b. the fruit of this collaboration should be to arrive at two things: a text or selection of a text that you want the class to read; and, a set of questions to help guide the class to investigate the connections and ideas your group is interested in.

c.  as you develop these google docs, I will check-in periodically to comment on your work and (hopefully) help to guide you toward a successful presentation.  If you have a discussion going and want me to comment on it directly – – please email me.

2) Once you’ve reached this stage – – decided on a text or part of a text you want everyone to read and a set of questions and goals – – you will probably need to ask me to scan texts so that they can be distributed to your classmates.  You should do this by email.  Try to give me 24 hours at least to scan etc.

3) You will then need to post your assignment to your blogs.  You can do this individually or collaboratively – -e.g. everyone posting their assignments on their own blogs, or deciding to post your assignments on one particular member’s blog.  Again, email me so that I can post the assignment to the motherblog.  You will need to be at this stage – – with an assignment posted on a blog – – by the Friday of the week before your presentation.  Thus: Rukeyser and Sandburg – – by Friday, April 20; Ginsberg and Levine – – by Friday, April 27; Guthrie and Coen Bros. – – by Friday, May 4.

I know this sounds a bit elaborate.  But, the main thing is to start working together NOW and get things in shape before the Friday that your blog post is due.  Questions?  Email me.

For Tuesday (4/10)

We haven’t quite finished talking about “When Lilacs . . . .”  But, we can already see some of the issues and questions that the poem raises about death, absence, memory, and loss.  Hopefully, you can already start to see and understand some of the poetic strategies that Whitman deploys to tackle these big issues and questions.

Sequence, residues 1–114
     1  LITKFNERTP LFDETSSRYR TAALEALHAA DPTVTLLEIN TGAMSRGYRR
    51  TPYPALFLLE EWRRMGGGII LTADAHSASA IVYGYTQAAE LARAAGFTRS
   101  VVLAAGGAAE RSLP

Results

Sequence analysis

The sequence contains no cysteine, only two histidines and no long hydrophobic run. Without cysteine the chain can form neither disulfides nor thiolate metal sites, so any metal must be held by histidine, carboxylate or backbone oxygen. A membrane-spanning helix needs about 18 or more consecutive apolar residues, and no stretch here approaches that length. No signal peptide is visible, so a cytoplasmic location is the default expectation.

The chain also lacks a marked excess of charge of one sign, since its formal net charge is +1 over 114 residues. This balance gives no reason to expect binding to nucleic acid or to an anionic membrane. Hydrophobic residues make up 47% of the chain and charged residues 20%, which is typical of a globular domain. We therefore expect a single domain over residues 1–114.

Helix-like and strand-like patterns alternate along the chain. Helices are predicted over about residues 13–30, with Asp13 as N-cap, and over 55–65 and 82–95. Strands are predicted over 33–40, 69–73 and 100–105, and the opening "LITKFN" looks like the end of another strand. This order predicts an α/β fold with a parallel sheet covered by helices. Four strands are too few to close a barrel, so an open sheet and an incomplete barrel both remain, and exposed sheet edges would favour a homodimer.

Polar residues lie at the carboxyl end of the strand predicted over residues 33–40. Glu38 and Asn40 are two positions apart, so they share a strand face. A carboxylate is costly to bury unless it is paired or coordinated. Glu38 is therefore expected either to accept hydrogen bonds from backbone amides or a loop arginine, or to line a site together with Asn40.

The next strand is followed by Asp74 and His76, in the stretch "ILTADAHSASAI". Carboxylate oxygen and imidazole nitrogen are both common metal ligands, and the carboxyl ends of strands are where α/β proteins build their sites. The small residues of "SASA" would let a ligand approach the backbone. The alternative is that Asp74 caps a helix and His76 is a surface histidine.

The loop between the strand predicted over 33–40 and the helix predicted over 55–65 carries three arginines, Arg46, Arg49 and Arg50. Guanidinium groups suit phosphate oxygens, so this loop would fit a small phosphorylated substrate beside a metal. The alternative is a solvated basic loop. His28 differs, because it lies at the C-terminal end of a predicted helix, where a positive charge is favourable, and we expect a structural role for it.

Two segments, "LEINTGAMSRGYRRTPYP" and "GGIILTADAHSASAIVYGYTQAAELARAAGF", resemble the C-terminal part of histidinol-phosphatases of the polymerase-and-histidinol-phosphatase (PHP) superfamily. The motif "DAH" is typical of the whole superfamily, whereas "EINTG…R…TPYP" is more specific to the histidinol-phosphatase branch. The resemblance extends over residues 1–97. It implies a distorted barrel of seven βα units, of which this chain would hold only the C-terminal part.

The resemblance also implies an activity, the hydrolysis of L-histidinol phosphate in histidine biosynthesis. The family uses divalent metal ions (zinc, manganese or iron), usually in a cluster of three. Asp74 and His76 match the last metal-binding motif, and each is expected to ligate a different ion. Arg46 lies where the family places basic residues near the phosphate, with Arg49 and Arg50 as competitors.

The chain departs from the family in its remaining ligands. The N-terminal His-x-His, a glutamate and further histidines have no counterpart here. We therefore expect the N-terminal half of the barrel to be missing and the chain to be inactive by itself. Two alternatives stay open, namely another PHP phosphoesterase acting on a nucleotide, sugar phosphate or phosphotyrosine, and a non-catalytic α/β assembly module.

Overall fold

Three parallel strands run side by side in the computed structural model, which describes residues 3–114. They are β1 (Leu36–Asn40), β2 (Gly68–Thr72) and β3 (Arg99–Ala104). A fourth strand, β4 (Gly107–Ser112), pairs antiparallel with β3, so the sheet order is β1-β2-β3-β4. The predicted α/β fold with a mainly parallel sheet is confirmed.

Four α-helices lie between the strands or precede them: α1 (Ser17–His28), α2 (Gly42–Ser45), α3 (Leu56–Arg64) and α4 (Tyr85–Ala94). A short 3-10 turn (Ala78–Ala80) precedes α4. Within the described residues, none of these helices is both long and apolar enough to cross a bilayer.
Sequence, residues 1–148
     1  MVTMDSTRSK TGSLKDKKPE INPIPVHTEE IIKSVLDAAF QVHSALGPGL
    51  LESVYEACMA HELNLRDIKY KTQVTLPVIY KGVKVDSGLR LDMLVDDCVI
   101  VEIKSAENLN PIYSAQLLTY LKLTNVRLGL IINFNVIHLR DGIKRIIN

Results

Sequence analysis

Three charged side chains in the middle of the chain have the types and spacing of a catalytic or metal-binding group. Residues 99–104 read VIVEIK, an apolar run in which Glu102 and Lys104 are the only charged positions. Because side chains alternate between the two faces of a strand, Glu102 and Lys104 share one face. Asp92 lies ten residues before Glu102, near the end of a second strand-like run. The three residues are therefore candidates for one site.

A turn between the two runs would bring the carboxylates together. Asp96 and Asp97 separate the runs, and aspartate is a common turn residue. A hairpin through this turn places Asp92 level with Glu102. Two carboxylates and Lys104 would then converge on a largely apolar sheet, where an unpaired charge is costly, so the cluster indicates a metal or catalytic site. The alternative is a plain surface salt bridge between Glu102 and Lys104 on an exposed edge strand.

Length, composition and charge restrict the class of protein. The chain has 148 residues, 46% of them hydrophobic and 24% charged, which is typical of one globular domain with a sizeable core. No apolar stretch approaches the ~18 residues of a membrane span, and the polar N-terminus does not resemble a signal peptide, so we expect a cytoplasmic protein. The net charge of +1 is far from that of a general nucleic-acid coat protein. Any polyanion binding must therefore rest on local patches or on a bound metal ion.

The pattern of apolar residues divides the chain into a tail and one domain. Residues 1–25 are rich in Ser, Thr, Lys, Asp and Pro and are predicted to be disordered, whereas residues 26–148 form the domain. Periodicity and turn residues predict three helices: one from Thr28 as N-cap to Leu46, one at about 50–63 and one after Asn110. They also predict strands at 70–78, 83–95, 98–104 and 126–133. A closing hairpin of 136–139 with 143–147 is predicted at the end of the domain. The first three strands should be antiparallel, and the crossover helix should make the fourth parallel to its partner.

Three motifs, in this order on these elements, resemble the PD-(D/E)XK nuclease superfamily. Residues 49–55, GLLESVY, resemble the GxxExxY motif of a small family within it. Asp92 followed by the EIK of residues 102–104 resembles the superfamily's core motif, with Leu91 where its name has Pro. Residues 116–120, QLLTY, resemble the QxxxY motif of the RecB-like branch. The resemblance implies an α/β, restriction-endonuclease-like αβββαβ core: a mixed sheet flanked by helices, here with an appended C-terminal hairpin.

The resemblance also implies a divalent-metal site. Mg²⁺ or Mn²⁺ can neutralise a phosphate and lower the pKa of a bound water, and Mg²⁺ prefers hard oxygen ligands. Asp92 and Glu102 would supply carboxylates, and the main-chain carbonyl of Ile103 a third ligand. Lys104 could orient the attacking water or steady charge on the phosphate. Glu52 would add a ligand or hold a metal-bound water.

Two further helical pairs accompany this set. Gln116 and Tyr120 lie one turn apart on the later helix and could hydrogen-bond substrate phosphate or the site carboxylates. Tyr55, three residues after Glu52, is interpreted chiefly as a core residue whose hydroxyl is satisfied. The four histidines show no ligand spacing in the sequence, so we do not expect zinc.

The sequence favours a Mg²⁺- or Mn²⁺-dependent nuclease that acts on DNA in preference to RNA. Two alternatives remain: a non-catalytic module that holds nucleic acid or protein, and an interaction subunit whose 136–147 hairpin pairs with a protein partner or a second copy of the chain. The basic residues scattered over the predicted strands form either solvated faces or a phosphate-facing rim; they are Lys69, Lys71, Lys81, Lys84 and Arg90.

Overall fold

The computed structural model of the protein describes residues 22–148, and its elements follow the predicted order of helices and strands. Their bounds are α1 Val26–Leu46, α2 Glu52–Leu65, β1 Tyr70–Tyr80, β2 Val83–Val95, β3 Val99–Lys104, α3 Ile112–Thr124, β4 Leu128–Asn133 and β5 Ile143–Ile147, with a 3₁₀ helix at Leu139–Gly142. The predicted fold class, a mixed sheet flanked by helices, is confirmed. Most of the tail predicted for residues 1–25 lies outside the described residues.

If Whitman’s poem sets out a poetic strategy for dealing with collective loss and its aftermath, how durable is this strategy?  Can Whitman’s poem equip us for confronting similar historical ruptures and disasters?

To begin answering these questions, let’s compare Whitman’s elegy and its strategies to contemporary poets’ efforts to reckon poetically with national trauma.

Browse through this online anthology of 9-11 poems.  (The poems are located in the “Online Resources/Selected Individual Poems” of the Library of Congress page.) Find a couple that you think are successful or a couple that seem to speak to “When Lilacs Last . . ..”  Using Whitman as a referent, what kinds of similar and/or different approaches to collective loss do you see in your selected poems?  What do these poems help us to see about Whitman’s poem?  And what does Whitman’s poem help us to see about these poems?